Smartphones are changing the way we work. The number of apps (applications) designed for use by the fire service seems to increase every day, and is beginning to include more and more that put vital information at firefighters’ fingertips—literally.
For example, Capt. Keith Klassen, Summit (Ariz.) Fire Department and columnist for FirefighterNation.com, keeps his phone handy while training his engine company. “I got my BlackBerry just over a year ago, and I put the Firefighter’s Calculator app on it soon after I got it,” he says. “It calculates water supply for fire flow, nozzle flow, nozzle pressure, all sorts of things. It also calculates foam proportion on apparatus.” Klassen says he used to consult a wallet-sized card with this information—and do additional calculations himself. He still carries the card, “but it has limited information,” he points out. “The great thing about this app is that you just plug in the numbers and it calculates anything.”
Klassen has also checked out the IAFF’s new shift calculator app on his wife’s iPhone. (See “IAFF Pro-Calendar” in Other Available Apps sidebar.) “It looks pretty good. You can put in any shift calendar, and it calculates it out for you. But that’s only available for an iPhone,” he says. “With all the different platforms out there, it’s kind of hit or miss whether something will be available for your phone.”
Deputy Chief William Goldfeder of the Loveland-Symes (Ohio) Fire Department, and a contributing editor for FireRescue magazine, is another fan of using apps for instant information. “I’m amazed every day at the technology that comes out,” he says. “I don’t use these apps every day, but it’s great that I can have them right here, ready to access.” Goldfeder consults his iPhone for weather and mapping. “I use the Weather Channel maps—weather is something we’re always interested in,” he says. “And I have various apps for mapping that help in identifying locations. I’ve even punched in the address of a call to help me find it.” Goldfeder would like to see someone develop an app that would instantly transfer an incoming page to a map screen on his smartphone.
Right now, Goldfeder says the apps he finds most valuable are WISER, or the Wireless Information System for Emergency Responders, and the Emergency Response Guidebook (ERG). “WISER is produced by the National Library of Medicine, and you can use it to search for any kind of hazmat substance,” he says. “It includes the Department of Transportation information and the CDC biohazard list.” WISER is available for Windows Mobile devices, Palm PDAs, Apple iPhone and iPod Touch, BlackBerrys, Microsoft Windows PCs, and via WebWISER at http://webwiser.nlm.nih.gov.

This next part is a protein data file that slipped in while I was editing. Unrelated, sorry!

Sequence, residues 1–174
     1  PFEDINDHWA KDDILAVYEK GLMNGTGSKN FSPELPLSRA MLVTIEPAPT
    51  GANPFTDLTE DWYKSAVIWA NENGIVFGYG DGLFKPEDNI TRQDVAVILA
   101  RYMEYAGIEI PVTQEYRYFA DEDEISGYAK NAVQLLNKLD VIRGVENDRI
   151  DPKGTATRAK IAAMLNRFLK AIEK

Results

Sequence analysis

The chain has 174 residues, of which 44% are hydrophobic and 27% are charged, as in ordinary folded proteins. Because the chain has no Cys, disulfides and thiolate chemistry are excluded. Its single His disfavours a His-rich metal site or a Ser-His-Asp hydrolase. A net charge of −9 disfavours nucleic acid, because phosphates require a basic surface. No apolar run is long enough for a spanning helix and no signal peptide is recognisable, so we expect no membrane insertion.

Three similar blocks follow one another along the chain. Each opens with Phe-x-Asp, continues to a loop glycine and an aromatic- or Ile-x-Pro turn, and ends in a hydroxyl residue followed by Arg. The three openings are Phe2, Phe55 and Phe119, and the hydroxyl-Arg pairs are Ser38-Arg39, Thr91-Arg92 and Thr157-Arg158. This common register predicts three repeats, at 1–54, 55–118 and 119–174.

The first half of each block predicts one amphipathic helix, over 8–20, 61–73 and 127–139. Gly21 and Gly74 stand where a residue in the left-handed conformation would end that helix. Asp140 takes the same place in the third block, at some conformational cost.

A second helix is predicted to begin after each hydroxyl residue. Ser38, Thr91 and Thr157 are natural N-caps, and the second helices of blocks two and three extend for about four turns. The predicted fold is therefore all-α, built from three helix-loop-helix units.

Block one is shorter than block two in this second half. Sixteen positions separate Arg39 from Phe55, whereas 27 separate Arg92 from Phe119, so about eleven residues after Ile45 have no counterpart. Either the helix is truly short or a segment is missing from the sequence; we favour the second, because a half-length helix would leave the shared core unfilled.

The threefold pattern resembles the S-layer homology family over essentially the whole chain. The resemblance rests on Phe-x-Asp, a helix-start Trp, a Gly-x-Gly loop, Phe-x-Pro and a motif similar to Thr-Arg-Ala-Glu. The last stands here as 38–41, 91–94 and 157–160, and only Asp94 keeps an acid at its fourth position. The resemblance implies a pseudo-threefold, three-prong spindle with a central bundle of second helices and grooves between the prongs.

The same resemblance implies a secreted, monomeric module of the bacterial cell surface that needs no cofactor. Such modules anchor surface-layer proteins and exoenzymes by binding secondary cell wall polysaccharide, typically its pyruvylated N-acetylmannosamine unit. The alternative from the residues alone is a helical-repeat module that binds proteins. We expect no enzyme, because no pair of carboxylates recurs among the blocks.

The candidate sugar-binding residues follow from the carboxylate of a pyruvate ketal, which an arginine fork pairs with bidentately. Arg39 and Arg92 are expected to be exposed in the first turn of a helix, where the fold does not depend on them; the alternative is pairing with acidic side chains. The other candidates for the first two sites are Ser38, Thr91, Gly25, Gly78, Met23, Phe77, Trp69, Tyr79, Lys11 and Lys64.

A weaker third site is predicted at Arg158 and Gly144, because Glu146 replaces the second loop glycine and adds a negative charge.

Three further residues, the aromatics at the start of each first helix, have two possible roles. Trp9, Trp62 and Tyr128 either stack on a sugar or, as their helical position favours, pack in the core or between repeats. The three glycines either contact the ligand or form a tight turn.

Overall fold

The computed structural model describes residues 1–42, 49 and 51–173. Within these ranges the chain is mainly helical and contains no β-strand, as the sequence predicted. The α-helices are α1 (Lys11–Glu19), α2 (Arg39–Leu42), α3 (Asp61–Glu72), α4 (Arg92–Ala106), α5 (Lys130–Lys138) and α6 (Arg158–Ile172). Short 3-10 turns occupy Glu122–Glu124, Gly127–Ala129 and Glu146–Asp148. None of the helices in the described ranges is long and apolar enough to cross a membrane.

“And the Emergency Response Guidebook—that’s the yellow hazmat book that all emergency responders are familiar with,” Goldfeder says. “I’ve got that right on my phone.” The app allows users to browse or search material names and IDs.
The next time you’re on the job and need to access information from a manual, the radio or the Internet, ask yourself—is there an app for that? You might be able to work smarter by maximizing your smartphone.
Other Available Apps
A sampling of the many apps available for firefighters
- IAFF Pro-Calendar: Manage your shift schedule; track sick, comp and vacation time; schedule trainings and personal appointments; and much more. (Available soon in Android version.)
- 911 Toolkit: Includes info for EMS, incident response checklists, hydraulics and water delivery, the 2008 ERG, training and study guides, and more.
- Search and Rescue Knots: Steps for tying 27 knots used in emergency situations.
- iFireCal: Tracks 1/2, 2/4, 3/4 or custom schedules.
- Fire Logger: It allows you to record critical events and times with a single touch. Great for capturing time stamps for reports.
- 5-0 Radio: Access more than 35,000 police scanners worldwide.
- Emergency & Critical Care Pocket Guide: This searchable app includes calculators and the ability to bookmark.
- EMS BLS and ALS Field Guides: Includes calculators, drug info, search, notes, assessments, current algorithms, current AHA and on-scene references.
- Fire Department (by the San Ramon Valley Fire District): Citizens are notified if someone nearby is having a cardiac emergency and may require CPR.
- Hydraulic Fire Hose Calculator: Calculates engine discharge pressure and friction loss.
- Friction Loss Calc: Determines friction loss for given hose diameters, lengths and desired flow rate.
Uses formula FL=C*Q^2*L.
- Simple Fire Size Up: This app, which is customizable by department, includes scene size-up checklists for structure fires, wildland fires, traffic collision, hazmat and more.
- Shift Calendar: This app includes an A/B/C shift calendar schedule for fire department personnel and their family members (24-on, 48-off schedule only).
- BlackBerry Shift Calendar: Thisoffers a basic view of a monthly shift calendar, and any fire departments’ calendars are available for download.
- BBScanner: Listen to more than 2,300 police and fire scanners, railroad communications, and weather radio broadcasts worldwide.